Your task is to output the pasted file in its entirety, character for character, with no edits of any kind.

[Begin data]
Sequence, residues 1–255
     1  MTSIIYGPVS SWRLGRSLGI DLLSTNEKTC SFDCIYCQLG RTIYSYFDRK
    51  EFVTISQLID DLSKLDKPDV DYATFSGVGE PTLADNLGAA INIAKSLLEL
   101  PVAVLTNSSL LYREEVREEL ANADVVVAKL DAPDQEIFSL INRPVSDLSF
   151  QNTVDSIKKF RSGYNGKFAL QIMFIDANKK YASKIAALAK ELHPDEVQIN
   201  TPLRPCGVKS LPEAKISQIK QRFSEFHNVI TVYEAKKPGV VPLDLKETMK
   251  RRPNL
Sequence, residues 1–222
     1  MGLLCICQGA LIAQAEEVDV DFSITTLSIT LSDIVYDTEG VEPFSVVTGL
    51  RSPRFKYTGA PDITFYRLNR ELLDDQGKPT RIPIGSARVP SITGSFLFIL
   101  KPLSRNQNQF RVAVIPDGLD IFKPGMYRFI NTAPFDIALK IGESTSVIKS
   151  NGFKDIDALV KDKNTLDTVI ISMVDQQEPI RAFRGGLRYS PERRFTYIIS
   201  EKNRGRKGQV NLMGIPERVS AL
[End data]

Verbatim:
Sequence, residues 1–255
     1  MTSIIYGPVS SWRLGRSLGI DLLSTNEKTC SFDCIYCQLG RTIYSYFDRK
    51  EFVTISQLID DLSKLDKPDV DYATFSGVGE PTLADNLGAA INIAKSLLEL
   101  PVAVLTNSSL LYREEVREEL ANADVVVAKL DAPDQEIFSL INRPVSDLSF
   151  QNTVDSIKKF RSGYNGKFAL QIMFIDANKK YASKIAALAK ELHPDEVQIN
   201  TPLRPCGVKS LPEAKISQIK QRFSEFHNVI TVYEAKKPGV VPLDLKETMK
   251  RRPNL
Sequence, residues 1–222
     1  MGLLCICQGA LIAQAEEVDV DFSITTLSIT LSDIVYDTEG VEPFSVVTGL
    51  RSPRFKYTGA PDITFYRLNR ELLDDQGKPT RIPIGSARVP SITGSFLFIL
   101  KPLSRNQNQF RVAVIPDGLD IFKPGMYRFI NTAPFDIALK IGESTSVIKS
   151  NGFKDIDALV KDKNTLDTVI ISMVDQQEPI RAFRGGLRYS PERRFTYIIS
   201  EKNRGRKGQV NLMGIPERVS AL